Share this story

 | By Joey Reistroffer

Eucharistic Miracles from Around the World Traveling South Carolina

The heart of Jesus beats loudly today because a young Italian boy loved our Lord so much that he wanted to share that love with the world.

Carlo Acutis did this by researching and documenting eucharistic miracles that occurred through the centuries around the world. He then designed and created an online exhibition of those miracles,

Acutis died of leukemia in 2006 at the age of 15. The Vatican beatified him and declared him blessed on Oct. 10, 2020. His work on the miracles of the Eucharist is nothing short of amazing.

“It will blow your mind,” one believer said.

Prepare to have your mind blown on June 16, 17 and 18, when that exhibition comes to St. Paul the Apostle Church in Spartanburg courtesy of Bill and Mary Rykman.

June 16 happens to be the feast of the Sacred Heart of Jesus. It is followed by the feast of the Immaculate Heart of Mary June 17. So, what better time to organize a pilgrimage to St. Paul and rediscover the Eucharist, the core of our faith, the body and blood of our Lord truly present in the consecrated host.

“I don’t understand it, and I’m a physician,” Bill said. His faith, however, carries him through.

Scientifically, it is a hard thing to grasp, he added, but he believes. So does his wife, Mary. That is why they developed a traveling display of Blessed Carlo’s research and took it around to parishes near and far.

“I never knew there were so many eucharistic miracles,” Bill said.

These are special. They happened during times when faith seemed to lag and falter even among the faithful — even among priests celebrating Mass. God gave these folks a gift.

“A eucharistic miracle occurs every single day when we go to Mass, and people don’t even recognize it,” Rykman said.

During the liturgy of the Eucharist, priests all over the world are present at the Last Supper by changing the bread and wine into the body and blood of Christ.

“Only 30 percent of Catholics believe that that is Jesus,” he said. That is a sad statistic.

Like Blessed Carlo, the Rykmans are on a mission to change hearts.

“This boy was only 13 years old, and his love of the Eucharist was so great,” Bill said of Acutis.

Blessed Carlo’s love was so big that it brought his mother back to the Church, so that is also the Rykmans’ quest: to bring people back to believing in the Real Presence of Jesus in the Eucharist.

The Rykmans’ exhibit was on display at the Eucharistic Congress in Charlotte, North Carolina, in 2022, and it caught the eye of two parishioners at St. Paul, according to Norma Stokes, director of religious education. She said they wanted something to celebrate the Year of the Eucharist.

Right after the congress in Charlotte “we took the display to Indian Land,” Bill Rykman said. “It was accepted so, so well. It was a ‘wow’ situation.”

The wow part came from how that exhibit moved a security guard at the Masses.

“He was a fallen-away Catholic,” Bill said. “He kept peeking in.” All it took was a couple of glances at these eucharistic miracles. “He said, ‘I think it is time to come back to the Church.’”

These panels of eucharistic miracles have the power to wow people. It includes 152 miracles from 22 countries.

Pope Francis was a witness to the 1996 miracle in Buenos Aires, Argentina, when he was bishop. A consecrated host began to bleed and developed heart muscle, and medical tests and investigations verified it.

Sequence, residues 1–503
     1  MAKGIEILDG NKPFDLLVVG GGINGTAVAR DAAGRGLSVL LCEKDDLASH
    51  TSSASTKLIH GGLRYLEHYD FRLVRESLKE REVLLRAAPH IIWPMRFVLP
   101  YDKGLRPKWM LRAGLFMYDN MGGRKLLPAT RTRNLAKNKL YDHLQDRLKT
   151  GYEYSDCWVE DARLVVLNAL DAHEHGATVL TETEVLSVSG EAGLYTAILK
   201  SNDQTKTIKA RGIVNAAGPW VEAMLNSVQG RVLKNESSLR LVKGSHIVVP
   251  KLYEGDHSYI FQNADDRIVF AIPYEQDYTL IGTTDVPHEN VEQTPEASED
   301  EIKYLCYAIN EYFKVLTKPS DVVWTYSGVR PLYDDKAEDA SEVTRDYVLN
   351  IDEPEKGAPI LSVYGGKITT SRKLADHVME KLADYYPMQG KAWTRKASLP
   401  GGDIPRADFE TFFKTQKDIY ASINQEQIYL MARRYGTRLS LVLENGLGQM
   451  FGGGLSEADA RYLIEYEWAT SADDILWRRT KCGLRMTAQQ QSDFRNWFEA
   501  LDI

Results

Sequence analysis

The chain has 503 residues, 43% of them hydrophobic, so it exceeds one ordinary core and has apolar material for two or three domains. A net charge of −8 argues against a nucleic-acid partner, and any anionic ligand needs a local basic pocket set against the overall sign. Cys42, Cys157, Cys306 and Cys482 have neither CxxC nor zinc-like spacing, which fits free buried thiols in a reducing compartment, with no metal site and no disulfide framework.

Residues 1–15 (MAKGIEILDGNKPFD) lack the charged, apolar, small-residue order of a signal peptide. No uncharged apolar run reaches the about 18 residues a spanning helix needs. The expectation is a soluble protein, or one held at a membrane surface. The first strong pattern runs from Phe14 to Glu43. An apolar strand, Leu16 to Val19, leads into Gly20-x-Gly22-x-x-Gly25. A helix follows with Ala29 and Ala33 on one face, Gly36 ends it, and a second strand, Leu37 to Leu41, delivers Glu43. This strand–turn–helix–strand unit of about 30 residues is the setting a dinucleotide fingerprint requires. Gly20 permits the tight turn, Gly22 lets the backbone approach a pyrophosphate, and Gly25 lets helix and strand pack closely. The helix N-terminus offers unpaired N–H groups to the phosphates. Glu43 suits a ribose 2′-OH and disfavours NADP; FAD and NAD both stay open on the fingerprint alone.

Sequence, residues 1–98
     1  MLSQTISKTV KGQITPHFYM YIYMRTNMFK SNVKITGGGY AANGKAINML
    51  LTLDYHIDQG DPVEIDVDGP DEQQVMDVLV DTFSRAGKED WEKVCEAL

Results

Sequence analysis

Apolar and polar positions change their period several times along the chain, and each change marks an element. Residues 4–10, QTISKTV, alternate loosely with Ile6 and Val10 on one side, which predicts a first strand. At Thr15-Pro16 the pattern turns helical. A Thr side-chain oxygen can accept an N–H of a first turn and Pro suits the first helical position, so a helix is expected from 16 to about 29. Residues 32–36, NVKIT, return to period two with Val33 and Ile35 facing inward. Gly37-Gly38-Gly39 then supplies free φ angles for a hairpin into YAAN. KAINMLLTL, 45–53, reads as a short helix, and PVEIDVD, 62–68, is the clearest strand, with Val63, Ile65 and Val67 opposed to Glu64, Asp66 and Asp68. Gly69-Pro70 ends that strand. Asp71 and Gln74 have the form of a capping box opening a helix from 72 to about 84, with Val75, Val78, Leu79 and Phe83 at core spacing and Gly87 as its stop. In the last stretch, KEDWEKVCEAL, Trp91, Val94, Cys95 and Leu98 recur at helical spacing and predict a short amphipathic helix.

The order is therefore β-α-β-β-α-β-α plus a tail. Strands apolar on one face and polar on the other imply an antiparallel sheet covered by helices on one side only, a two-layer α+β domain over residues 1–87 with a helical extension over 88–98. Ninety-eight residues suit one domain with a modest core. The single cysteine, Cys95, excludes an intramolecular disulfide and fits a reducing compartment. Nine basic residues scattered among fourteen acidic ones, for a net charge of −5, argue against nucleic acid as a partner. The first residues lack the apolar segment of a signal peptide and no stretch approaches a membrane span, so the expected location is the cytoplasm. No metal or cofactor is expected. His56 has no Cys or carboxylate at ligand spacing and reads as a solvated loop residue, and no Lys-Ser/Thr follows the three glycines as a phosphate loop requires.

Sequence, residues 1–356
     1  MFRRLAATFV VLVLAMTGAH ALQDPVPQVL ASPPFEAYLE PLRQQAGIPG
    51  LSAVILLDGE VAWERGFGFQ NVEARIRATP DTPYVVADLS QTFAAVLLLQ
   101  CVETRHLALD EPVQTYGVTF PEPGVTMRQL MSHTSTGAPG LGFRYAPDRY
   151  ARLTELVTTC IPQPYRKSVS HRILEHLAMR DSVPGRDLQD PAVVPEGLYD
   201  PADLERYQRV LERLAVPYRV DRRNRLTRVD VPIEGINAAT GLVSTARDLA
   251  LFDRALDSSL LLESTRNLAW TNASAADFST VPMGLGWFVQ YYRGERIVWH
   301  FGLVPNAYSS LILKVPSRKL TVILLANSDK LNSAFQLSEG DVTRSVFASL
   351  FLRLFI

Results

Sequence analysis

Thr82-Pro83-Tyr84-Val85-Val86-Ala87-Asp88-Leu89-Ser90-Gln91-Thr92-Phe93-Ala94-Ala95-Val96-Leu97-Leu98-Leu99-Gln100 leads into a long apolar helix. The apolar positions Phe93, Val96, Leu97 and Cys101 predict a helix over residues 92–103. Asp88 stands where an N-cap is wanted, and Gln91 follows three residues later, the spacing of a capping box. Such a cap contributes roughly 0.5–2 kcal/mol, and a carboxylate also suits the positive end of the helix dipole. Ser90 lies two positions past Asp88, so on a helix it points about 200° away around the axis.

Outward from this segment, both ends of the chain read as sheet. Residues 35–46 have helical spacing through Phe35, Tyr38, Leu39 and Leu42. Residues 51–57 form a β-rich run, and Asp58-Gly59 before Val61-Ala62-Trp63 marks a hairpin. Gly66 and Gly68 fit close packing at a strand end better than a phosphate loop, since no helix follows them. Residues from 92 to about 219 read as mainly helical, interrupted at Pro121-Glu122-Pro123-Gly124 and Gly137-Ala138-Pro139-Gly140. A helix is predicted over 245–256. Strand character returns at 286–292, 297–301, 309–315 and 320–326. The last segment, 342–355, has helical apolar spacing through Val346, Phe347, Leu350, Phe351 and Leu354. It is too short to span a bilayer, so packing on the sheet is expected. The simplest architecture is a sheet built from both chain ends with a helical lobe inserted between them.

Dr. Rykman’s favorite miracle occurred in Lanciano, Italy, around the year 750. A doubting priest saw the bread and wine transform into human flesh and blood during the consecration. The host was placed in a special vessel and put on display.

In the 20th century, the host was tested again and doctors concluded that it was living heart tissue. They also found that the blood type was AB, the same as the miracle in Argentina.

“It has all the same qualities that fresh blood has,” Dr. Rykman said. “If they put a wire on the host, they would have an EKG shown.”

Then there is the 1348 miracle in Alboraya-Almácera, Spain. A priest was crossing a river to bring communion to villagers, when the hosts spilled into the river. Several fish gathered up the hosts in their mouths and brought them back to the priest.

These miracles have been investigated and verified.

“The entire display is approved by the Vatican,” Dr. Rykman said. “Seeing is believing. There are so many there. They are seeing scientific proof on paper. This is truly Jesus Christ present.”

Stokes urges visitors to pray before visiting the exhibit.

“Everyone is invited,” she said, “and when you come, come with some time so that you don’t have to rush through it. Take it slow and enjoy.”

Stokes encourages teachers and parents with small children to visit the exhibit. She wants them to understand exactly what the Real Presence means and instill that faith in the youngsters.

“Our young people are hungry for anything that can bring them closer to Jesus, and they want more,” she added.

Stokes said she is praying for everyone who visits the exhibit.

“I’m hoping that it will awaken something in them. It may not change their mind, but it will open their mind,” she said.

Dr. Rykman believes this exhibit of Eucharistic Miracles will change hearts.

“That’s what miracles are for,” Stokes said. “To blow our minds, because they don’t happen every day.”

The Eucharistic Miracles Exhibit will be at St. Paul the Apostle Church in Spartanburg June 16-18.

The diocese has a curated Eucharistic Miracles Exhibit that will travel to various parishes across the state. Visit online at for a schedule and to view the online portion of the exhibit.

Joseph Reistroffer is a long-time writer who teaches religious education classes at St. Paul the Apostle Church in Spartanburg. Email him at